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Charlton Athletic 3-2 Reading FC: Stats Insight

A disappointing 3-2 defeat, a red card, and a brace for both sides. @jonnyscott862 has a look at the stats to see who came out intact, and who needs to spend a bit more time on the training ground.

Ben Hoskins/Getty Images

On the surface, it is hard to see exactly why Reading lost this game: we had more shots, a decent possession and pass accuracy (48% and 73% respectively), two goals and five shots from our main striker, and more dribbles and greater aerial dominance than the opponents. What went wrong?

Our defenders, while solid on many occasions, not least against Bradford in the cup, have also been known to have an individual error in them-high profile incidents like Pearce's own goal against Cardiff, Cooper's shocker at Birmingham, and several mistakes from Hector away to Bournemouth back in October, stand out in the memory, and Charlton came into this game knowing that.

All it takes is a cursory look at our league rankings in terms of defensive actions and defensive errors to know that applying pressure to the centre of Reading's defence is the best way to break this team down. In terms of individual errors leading to goals, Reading are fourth worst in the league with eight to their name (out of a recorded 12 errors across the whole season).

When it comes, however, to our individual defensive actions (interceptions, blocks, clearances, etc.), Reading foot the table, with the lowest number of actions in the league. This last number might not be so alarming, because Blackpool top the table and the likes of Norwich, Bournemouth and Middlesborough are down there with us, but I think it is fair to say that Reading have dominated games much less often than these teams, and we really should expect a more active defence from what has been a struggling side this season. Part of the reason for this low return is, I would argue, that Reading's defence struggle to deal with individual skill and drive, and Charlton give us a good example of this.

Watt went wrong?

We were warned about Tony Watt by Valley Talk in their match preview, and despite this warning it seems that Reading were not switched on to the danger he can pose. He had Michael Hector constantly looking over his shoulder, and he consistently beat the young Reading defender for pace and determination, applying the pressure for Hector's handball and then breezing by him to set up Church's goal for the hosts.

In fact, Watt has had more success in taking players on than I think I have seen from a single player all season: he attempted to take players on eight times, winning four of them (including two crucial ones against Hector, with mercifully only one leading to a goal). These eight attempts equate to the efforts of Nick Blackman, Jamie Mackie, Garath McCleary, Pavel Pogrebnyak and Hal Robson-Kanu combined. It took the efforts of five of our most attacking players to even match the intensity of one Charlton player, and Watt should be praised for an excellent display.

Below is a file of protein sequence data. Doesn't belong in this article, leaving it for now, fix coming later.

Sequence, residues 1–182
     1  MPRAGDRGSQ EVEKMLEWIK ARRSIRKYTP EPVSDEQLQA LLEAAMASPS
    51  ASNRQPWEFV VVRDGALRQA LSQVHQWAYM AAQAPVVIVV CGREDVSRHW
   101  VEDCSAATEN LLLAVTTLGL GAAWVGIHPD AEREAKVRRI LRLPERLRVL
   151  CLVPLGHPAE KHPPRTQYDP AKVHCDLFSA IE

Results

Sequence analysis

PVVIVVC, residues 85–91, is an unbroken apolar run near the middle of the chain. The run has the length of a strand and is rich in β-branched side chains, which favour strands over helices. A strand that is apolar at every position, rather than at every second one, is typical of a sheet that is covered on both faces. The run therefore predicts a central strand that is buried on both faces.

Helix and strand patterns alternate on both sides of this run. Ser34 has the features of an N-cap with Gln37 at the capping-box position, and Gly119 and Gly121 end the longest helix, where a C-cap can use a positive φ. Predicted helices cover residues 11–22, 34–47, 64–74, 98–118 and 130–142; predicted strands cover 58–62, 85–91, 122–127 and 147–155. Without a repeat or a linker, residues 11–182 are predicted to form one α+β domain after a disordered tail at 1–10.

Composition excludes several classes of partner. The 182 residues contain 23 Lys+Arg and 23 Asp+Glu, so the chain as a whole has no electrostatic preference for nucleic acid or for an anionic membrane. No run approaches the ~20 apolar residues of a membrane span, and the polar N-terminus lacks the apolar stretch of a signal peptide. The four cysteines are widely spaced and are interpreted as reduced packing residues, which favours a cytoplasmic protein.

This was a successful game plan from Charlton as Reading's defensive frailties, evident from their season long stats, were exploited efficiently.

Out of the Ashes

We can take solace, however, from the quality of some individual performances, particularly in attack. Pogrebnyak should be praised for two clinical finishes, and his all round play was impressive as well. His aerial presence has often been questioned, but he won four headers, joint highest with central defenders Alou Diarra and Alex Pearce. He had more touches than any other Reading player, and had more shots than anyone else on the field. This was a good performance from Pogrebnyak, and his stats come out shining from it ( awarded him there man of the match award, by some distance).

Danny Williams' stats also shine, unfortunately I suppose, given the circumstances. I was critical of the US international on his initial return from injury, and needed him to show more drive in his defensive duties. He has silenced my criticisms since then, and his return to fitness and to form was (tragically) complete yesterday. He made 50 passes yesterday with a completion rate of 94%.

94%. I still can't believe it.

Anyway, along with that he contributed two shots, five interceptions and two clearances. This was an all action performance from Williams, and a statistical stand out as far as I am concerned; so why did he have to get himself sent off!? Oh Danny...

Solid performances from Jordan Obita (five clearances, two tackles and another assist, bringing his season total to a squad-topping six) and a decent showing from McCleary (four key passes, more than any other player on the pitch) round off what good news we can take from this game. The biggest conclusion remains, however, that Steve Clarke's job of sorting out the defence is by no means finished, and he needs to get some individual confidence back-especially for Hector.

Stats taken from Squawka and WhoScored